2002 Annual

Wednesday, 16 January 2002
A neural network approach to warm season rainfall forecasting in the Upper Midwest
Bradley R. Temeyer, Iowa State University, Ames, IA; and W. A. Gallus Jr. and C. G. Carmichael
A neural network has been developed to predict quantitative precipitation amount (QPF) and probability of precipitation (PoP) in the Upper Midwest during the warm season, to determine if the approach of Hall et al. (Wea. Forecasting, 1999), which worked well for prediction of these parameters in the Dallas-Forth Worth, TX region, could be applied to other areas. Some of the primary mechanisms resulting in warm season rainfall in the Upper Midwest, such as convergence at the nose of the low-level jet, differ from those in Texas. Therefore, we not only examined the parameters that Hall et al. found to be most significant for rainfall prediction in Texas, but expanded our search to include other measures of forcing and thermodynamics.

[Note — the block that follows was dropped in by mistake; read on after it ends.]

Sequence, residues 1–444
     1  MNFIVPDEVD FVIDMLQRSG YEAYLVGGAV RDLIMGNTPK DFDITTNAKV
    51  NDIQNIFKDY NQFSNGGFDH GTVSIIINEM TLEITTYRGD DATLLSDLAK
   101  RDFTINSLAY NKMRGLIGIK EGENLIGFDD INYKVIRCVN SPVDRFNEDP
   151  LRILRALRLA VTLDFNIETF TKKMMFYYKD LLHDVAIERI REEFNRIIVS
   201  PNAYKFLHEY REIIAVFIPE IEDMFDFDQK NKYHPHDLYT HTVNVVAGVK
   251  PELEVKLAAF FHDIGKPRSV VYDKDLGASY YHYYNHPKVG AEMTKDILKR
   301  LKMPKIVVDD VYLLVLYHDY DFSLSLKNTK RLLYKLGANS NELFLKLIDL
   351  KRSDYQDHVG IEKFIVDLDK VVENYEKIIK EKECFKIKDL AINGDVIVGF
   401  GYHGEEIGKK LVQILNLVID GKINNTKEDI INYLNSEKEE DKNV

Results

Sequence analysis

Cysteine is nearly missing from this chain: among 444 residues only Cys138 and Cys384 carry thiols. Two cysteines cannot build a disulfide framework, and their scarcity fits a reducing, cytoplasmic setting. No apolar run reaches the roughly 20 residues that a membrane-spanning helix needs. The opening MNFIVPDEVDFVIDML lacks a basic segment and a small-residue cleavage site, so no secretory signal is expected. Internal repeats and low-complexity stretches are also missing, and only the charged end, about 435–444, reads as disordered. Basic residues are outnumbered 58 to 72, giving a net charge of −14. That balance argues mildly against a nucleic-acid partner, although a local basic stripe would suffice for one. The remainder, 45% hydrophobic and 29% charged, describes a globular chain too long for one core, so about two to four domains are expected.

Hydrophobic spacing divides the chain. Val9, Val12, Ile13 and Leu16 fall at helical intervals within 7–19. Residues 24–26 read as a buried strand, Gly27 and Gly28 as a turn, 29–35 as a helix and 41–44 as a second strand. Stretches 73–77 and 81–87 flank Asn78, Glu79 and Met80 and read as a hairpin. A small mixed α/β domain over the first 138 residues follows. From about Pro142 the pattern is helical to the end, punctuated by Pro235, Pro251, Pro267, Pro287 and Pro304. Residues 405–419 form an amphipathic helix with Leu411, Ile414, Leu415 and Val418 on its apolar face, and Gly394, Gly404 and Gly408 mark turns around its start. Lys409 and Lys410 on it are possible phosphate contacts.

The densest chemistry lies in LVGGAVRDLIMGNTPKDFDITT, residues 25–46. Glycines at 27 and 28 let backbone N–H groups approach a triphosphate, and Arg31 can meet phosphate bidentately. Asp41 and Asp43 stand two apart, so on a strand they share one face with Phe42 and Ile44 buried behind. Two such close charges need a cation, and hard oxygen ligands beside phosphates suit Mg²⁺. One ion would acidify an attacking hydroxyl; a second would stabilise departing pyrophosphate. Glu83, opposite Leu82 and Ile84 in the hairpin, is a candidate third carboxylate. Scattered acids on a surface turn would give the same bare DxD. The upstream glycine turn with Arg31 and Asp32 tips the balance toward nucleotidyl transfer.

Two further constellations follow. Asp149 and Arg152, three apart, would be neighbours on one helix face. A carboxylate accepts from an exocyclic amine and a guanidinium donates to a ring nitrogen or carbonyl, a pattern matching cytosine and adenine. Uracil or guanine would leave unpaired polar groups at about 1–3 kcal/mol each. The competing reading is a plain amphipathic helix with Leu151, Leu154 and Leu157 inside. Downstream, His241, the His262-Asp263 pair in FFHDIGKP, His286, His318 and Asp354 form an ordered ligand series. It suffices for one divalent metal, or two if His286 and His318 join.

The neural network was designed using rawinsonde data and Eta model forecasts for Omaha, Nebraska from 355 days during the warm seasons (May 1 - September 30) of 1998-2000. Observed precipitation amounts were taken as an average of several sites in the Omaha area. A network trained on 50% of the cases evidences a high degree of forecast skill for heavier rainfall amounts. Light amounts (generally .25 inches or less in 24 hours) tend to be overforecasted, with high probabilities of detection but also high false alarm rates. Heavier rainfall amounts (.5 or 1.0 inches in 24 hours) are somewhat underforecasted, with nearly perfect false alarm rates (near zero). A preliminary comparison with rainfall forecasts from a 10 km version of the NCEP Eta model suggests that the neural network system is more skillful for the heavier rainfall amounts (.5 inches or more). For instance, for rainfall exceeding 1.0 inches, the equitable threat score (ETS) of the neural network system is .39, whereas the 10 km Eta model has an ETS of .08. The correlation of predicted amounts with those observed is much better in the neural network than in the standard grid point Eta model.

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